3 More Killed This Weekend as 100 Rally for Pedestrian Safety

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Against the backdrop of news that three more pedestrians were killed on Saturday, a hundred people rallied for pedestrian safety on the steps of City Hall on Sunday. Karla Quintero of Transportation Alternatives, above, started with a moment of silence for those killed by the automobile on the streets of New York and called for 2,000 fewer pedestrian injuries and deaths by 2009 (pdf). Speaking in English and Spanish, she listed five objectives for the improvement of pedestrian safety:

  • Prioritize fixing the most dangerous streets and intersections
  • Adopt a street maintenance policy that prioritizes pedestrian safety measures
  • Eliminate turning conflicts
  • Extra protection for the most vulnerable New Yorkers
  • Criminalize and prosecute traffic fatalities

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Following the policy objectives, three people whose loved ones were recently killed by SUVs on the streets of New York spoke about their grief. (StreetFilms has video of their remarks.) Rachael Myers, above left, whose fiance, Peter Hornbeck, was killed in a 2004 hit-and-run by a speeding SUV driven by a man with a suspended license, spoke of her involvement in Visual Resistance, which is using the image of the hand to mark the location of pedestrian fatalities. "Every time you see one of these memorials," she said, "just remember that one human being died there so that cars could move more efficiently through our neighborhoods."

ped_rally_3.jpgAudrey Anderson, above right, whose son Andre was struck from behind by an SUV and killed in September 2005, spoke passionately about the disparity between someone who kills with a gun and someone who kills with a car. "A motor vehicle is a weapon when used carelessly and recklessly to cause bodily harm to a person," she said. "Why, then, we ask, is this punishment not the same as when one uses a gun to kill another."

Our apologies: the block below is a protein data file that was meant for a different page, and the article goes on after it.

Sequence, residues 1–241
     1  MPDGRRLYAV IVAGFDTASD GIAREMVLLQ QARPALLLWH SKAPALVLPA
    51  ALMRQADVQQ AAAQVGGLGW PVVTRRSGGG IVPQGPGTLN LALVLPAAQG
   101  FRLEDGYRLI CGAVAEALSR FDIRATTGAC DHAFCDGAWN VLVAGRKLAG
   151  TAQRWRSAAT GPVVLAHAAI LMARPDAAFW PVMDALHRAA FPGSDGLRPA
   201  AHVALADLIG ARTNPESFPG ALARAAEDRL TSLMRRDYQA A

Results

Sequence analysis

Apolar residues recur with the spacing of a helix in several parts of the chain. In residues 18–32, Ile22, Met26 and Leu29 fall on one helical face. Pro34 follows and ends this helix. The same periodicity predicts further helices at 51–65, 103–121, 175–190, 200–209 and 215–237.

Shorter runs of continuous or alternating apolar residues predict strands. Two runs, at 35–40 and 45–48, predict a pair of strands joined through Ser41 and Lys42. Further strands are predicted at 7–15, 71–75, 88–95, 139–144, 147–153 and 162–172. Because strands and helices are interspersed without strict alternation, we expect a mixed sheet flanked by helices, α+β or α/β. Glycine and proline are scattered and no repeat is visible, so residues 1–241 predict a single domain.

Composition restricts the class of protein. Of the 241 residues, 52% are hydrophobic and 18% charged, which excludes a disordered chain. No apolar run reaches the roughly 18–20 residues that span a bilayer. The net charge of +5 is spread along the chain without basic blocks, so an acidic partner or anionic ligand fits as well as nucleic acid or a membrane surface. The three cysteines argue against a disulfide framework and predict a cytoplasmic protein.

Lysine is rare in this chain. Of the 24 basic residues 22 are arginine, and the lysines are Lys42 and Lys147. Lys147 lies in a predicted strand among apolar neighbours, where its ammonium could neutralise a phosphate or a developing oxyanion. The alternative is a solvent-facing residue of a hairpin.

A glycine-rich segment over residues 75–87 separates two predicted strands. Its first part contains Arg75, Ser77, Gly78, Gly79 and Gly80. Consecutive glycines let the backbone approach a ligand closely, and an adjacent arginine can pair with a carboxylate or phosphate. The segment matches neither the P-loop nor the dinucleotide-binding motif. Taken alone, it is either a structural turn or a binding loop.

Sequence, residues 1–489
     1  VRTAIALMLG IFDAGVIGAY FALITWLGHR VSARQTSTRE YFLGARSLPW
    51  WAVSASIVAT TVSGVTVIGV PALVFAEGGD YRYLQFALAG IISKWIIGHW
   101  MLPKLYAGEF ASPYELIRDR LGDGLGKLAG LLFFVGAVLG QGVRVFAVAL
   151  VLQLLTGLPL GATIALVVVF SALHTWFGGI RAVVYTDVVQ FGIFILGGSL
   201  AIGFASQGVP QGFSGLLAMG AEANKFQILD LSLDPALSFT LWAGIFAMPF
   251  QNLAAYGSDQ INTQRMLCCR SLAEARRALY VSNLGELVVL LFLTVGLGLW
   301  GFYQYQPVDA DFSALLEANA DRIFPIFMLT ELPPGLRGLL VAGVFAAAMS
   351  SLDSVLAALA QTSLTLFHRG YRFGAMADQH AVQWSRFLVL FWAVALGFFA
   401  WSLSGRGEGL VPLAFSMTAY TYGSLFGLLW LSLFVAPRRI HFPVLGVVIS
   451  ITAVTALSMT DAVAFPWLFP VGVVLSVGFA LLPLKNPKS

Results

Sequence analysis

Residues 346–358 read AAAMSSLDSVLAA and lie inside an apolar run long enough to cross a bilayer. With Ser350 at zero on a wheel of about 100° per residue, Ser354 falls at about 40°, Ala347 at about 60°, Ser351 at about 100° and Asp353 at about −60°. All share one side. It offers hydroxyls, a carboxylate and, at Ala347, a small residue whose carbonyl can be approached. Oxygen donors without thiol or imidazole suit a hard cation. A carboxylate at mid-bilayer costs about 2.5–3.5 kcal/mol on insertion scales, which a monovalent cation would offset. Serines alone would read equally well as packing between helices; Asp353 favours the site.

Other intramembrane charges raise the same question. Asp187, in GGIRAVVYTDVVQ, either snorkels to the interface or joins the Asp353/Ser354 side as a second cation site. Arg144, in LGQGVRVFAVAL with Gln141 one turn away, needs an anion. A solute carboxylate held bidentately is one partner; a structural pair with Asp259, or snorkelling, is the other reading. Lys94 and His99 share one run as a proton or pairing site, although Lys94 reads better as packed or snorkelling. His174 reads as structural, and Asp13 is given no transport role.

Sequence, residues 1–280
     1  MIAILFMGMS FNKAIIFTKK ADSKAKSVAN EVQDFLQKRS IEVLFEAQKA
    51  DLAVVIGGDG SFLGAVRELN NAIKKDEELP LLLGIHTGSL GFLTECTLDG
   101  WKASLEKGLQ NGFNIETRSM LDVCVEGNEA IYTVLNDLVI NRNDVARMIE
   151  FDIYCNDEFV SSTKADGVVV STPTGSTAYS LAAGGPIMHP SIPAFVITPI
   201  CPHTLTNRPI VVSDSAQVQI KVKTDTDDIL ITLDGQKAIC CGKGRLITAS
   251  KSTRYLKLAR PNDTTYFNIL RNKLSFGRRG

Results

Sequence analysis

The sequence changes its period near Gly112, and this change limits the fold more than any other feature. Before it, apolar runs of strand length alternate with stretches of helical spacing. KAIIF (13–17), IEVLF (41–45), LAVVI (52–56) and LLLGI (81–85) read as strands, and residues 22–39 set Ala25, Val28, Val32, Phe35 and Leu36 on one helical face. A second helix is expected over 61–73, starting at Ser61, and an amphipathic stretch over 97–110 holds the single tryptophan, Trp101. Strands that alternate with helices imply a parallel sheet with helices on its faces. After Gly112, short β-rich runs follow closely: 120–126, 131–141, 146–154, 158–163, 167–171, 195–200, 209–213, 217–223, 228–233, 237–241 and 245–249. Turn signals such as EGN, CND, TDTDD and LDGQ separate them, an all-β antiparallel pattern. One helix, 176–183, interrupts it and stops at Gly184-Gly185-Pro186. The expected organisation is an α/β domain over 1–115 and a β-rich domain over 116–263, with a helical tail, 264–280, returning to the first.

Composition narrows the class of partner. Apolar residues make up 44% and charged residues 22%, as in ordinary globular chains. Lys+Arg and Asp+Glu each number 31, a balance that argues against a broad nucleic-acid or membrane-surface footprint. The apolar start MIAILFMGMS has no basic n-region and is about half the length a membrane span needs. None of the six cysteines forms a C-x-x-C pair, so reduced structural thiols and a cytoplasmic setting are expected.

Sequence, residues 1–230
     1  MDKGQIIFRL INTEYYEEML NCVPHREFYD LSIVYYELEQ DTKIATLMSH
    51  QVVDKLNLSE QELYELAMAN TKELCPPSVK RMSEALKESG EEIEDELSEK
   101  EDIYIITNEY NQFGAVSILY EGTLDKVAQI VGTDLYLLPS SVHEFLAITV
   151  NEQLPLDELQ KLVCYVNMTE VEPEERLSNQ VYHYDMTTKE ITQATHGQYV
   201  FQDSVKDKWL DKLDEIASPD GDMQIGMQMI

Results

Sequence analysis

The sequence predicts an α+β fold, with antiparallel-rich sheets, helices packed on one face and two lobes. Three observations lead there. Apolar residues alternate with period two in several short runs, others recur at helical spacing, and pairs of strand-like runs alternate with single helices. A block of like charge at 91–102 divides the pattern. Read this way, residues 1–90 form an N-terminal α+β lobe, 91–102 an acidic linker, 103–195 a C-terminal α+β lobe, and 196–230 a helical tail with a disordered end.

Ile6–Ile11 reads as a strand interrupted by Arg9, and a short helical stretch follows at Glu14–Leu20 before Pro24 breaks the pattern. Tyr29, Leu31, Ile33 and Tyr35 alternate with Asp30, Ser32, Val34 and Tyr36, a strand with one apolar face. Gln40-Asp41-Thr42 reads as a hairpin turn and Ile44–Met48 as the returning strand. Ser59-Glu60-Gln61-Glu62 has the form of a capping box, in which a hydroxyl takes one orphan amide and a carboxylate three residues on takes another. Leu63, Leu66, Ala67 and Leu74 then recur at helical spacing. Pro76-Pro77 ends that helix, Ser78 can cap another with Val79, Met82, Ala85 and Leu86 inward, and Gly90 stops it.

She demanded that a rigorous investigation, including the automatic use of a breathalizer test, be conducted after every pedestrian fatality. She also said that drivers who kill should be tracked as carefully as sex offenders, so that they are easier to track down if they kill a second time. (The driver who killed Andre, Jose Vincens, 23, was not charged with any crime nor even issued any motor vehicle infraction, according to the above-linked article in the Rockaway Wave.)

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James St. John, above, wondered why there was so much "push back" against the idea of safety for pedestrians. His grandson, James Rice, 4, was killed last month as he crossed the street (in the crosswalk, with the light) when he was hit by a Hummer making a turn. Again the driver wasn’t charged, even though he left the scene. "We cannot stand by and see our children, our loved ones and others – even tourists that come here – lose their lives," he said. "The city is not doing what they need to do."

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The rally was well attended by the news media. Here are some reports:

Across the street from City Hall, the city’s effort to combat pedestrian fatalities is on display: a DOT-sponsored ad campaign reminding pedestrians to not get run over.

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